Wednesday, March 21, 2012

City on a Hill

Do you cuss? Do you get drunk? Do you think it's funny to entertain sexually explicit jokes? Do you easily blend in with American culture? Last question: do you claim to be a Christian?

Like the Cookie Monster points out: one of these things is not like the others. Cussing, drunkenness, sexual jokes, and today's culture do not jive with authentic Christianity. Yet I am seeing more and more people who call themselves Christians doing these things without shame. Now, I am a Christian and I am not perfect and am certainly guilty of doing some of these things at one time or another. But I make it a habit not to do them, and it seems many professing Christians have no problem with these sinful behaviors.

I don't know about you, but it is becoming a pet peeve of mine when I see Christians acting this way. Oddly enough, these folks don't typically hang around me very long because I tend to hold them to a Biblical standard of morality =). Why do I even care about the actions of others? Because the Bible spends a great deal of time talking about our behavior, and how we are to act in this life.
1 And you were dead in your trespasses and sins, 2 in which you formerly walked according to the course of this world, according to the prince of the power of the air, of the spirit that is now working in the sons of disobedience. 3 Among them we too all formerly lived in the lusts of our flesh, indulging the desires of the flesh and of the mind, and were by nature children of wrath, even as the rest.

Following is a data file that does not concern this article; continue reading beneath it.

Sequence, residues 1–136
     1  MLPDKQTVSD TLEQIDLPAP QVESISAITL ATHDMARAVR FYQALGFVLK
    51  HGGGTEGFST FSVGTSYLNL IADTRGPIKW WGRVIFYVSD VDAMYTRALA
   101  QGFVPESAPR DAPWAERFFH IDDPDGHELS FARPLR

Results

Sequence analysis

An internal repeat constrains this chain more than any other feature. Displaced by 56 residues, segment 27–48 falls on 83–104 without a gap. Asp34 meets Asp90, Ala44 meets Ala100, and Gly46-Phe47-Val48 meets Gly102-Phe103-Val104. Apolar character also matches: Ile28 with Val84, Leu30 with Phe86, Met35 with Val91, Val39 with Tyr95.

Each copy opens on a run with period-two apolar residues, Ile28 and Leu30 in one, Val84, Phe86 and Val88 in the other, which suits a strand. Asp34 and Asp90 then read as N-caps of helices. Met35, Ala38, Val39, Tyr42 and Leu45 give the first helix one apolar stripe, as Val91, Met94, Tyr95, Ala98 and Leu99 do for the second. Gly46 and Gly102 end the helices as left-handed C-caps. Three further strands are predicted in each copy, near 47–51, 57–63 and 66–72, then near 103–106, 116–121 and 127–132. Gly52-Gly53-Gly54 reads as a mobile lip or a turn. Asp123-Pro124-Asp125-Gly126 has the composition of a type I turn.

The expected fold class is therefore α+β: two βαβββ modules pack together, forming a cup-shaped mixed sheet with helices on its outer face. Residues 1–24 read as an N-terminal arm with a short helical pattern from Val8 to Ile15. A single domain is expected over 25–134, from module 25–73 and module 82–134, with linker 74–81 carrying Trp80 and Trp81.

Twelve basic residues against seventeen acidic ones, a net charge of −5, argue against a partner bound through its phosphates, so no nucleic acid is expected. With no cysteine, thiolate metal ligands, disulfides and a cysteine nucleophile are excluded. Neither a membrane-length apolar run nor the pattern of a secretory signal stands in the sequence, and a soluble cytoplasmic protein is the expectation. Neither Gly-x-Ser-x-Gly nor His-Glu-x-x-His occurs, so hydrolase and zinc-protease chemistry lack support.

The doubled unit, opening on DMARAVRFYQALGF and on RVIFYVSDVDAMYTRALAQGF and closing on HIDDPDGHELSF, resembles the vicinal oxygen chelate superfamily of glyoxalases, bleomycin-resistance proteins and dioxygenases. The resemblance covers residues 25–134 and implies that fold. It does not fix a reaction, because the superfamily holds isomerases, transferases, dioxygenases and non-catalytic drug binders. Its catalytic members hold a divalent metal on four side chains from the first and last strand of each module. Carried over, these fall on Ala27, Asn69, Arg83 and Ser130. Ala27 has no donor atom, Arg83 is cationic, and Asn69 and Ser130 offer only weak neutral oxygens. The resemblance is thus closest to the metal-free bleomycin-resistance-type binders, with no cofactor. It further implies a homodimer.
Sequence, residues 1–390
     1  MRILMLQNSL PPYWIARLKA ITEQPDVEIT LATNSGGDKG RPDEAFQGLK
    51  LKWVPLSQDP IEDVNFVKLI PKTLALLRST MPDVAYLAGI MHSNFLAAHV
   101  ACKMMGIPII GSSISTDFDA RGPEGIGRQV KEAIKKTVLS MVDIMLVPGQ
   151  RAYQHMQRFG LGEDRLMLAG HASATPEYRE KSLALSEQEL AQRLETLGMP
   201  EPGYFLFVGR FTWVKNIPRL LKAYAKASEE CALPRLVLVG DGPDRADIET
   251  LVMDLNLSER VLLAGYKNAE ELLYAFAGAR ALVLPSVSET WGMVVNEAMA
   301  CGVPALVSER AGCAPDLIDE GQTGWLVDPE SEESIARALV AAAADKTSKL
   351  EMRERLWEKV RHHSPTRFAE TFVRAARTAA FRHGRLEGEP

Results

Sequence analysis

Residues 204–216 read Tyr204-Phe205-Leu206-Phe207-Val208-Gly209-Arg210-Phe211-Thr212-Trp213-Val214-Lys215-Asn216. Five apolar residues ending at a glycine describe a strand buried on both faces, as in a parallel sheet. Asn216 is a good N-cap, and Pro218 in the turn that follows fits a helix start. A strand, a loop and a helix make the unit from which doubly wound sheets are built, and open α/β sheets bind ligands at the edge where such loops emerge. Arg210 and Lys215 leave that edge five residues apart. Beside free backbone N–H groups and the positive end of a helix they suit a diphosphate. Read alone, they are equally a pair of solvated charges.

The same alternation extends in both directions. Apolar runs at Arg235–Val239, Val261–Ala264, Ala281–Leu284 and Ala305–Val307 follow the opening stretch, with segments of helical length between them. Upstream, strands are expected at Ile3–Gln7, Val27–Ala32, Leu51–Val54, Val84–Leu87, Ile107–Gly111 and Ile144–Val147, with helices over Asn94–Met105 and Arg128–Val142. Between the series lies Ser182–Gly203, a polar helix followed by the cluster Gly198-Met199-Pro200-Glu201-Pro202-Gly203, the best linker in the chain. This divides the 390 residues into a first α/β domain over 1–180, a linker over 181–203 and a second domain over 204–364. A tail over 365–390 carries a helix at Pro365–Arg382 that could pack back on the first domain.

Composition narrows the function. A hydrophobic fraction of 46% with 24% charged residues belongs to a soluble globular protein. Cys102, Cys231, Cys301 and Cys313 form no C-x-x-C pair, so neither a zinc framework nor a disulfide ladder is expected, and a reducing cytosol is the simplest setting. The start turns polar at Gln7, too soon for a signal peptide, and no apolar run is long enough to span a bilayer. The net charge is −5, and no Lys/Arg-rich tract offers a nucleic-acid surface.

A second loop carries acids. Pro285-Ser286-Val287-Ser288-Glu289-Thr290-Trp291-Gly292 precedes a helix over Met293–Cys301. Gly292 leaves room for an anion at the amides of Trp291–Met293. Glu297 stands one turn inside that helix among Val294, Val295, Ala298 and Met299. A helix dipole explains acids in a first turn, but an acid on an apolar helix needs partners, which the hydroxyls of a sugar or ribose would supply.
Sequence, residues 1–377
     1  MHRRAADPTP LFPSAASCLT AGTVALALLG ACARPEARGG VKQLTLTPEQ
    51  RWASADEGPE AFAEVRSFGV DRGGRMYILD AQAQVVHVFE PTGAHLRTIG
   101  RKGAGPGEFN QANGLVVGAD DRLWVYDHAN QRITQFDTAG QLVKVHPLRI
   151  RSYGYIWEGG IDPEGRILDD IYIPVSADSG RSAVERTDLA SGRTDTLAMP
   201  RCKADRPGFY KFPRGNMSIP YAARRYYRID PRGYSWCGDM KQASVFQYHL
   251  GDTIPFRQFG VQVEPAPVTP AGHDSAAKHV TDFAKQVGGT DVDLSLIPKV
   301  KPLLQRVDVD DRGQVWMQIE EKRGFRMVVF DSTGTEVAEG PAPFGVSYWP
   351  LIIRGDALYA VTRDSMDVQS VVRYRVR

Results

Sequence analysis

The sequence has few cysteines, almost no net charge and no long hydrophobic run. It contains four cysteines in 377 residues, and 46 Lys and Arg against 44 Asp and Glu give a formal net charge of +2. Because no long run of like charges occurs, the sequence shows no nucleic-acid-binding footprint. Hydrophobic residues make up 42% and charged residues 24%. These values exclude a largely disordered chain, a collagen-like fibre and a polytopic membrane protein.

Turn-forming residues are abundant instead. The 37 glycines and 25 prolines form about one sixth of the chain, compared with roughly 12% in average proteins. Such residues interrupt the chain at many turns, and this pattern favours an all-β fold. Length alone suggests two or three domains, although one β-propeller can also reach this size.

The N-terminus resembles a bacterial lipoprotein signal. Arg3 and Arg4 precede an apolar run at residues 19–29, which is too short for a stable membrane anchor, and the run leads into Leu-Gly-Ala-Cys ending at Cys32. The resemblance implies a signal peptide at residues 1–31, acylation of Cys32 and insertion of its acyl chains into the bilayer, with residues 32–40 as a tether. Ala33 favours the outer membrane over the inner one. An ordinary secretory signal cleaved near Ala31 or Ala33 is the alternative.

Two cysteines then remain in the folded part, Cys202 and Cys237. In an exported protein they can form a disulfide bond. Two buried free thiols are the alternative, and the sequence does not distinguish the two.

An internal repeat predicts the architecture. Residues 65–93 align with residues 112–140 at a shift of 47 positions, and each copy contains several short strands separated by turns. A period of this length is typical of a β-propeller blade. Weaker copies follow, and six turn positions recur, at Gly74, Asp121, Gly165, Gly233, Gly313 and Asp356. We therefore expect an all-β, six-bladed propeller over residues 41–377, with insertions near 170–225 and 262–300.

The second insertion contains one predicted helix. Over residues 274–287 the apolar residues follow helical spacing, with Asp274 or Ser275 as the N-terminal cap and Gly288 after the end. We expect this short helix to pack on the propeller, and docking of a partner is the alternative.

Ephesians 2 must be one of my favorite selections from Scripture. In these verses the Apostle Paul uses the past tense to describe how the genuine Christian used to be. Notice: "you were dead in your trespasses and sins," and "you formerly walked according to the course of this world, according to the prince of the power of the air," and "we too all formerly lived in the lusts of our flesh, indulging the desires of the flesh and of the mind." It is true that the Christian has been saved, once and for all, from the consequences of sin - verses 4-9 speak about this. But God's plan of salvation does not end there. Continuing to verse 10:
10 For we are His workmanship, created in Christ Jesus for good works, which God prepared beforehand so that we would walk in them.
The Lord was kind and merciful towards His people in saving them from their sins because He loves them. But this is not the only reason He saved sinners from their sins. God's primary reason is for His own glory (Ephesians 1:6), so that in saving us we might be a testimony to His marvelous grace. This is done by good works. Do you remember what the Lord Jesus said in the Sermon on the Mount:
Let your light shine before men in such a way that they may see your good works, and glorify your Father who is in heaven. (Matthew 5:16, NASB).
Current statistics show that 1/4 of Americans consider themselves Evangelical Christians, which is the single largest percentage of any country in the world. Why then is the gospel not clearly known in our land? I would suggest to you it is because many of those professing to be Christians are not really Christians. For many people today Christianity is a social networking opportunity. Let's be honest: Christians are nice people to be around because they are accepting of all kinds of people. This is how it ought to be ... but with a clear and bold proclamation of the gospel calling people to turn from their wicked ways unto the only One who can save them from their sins and sinful lifestyle.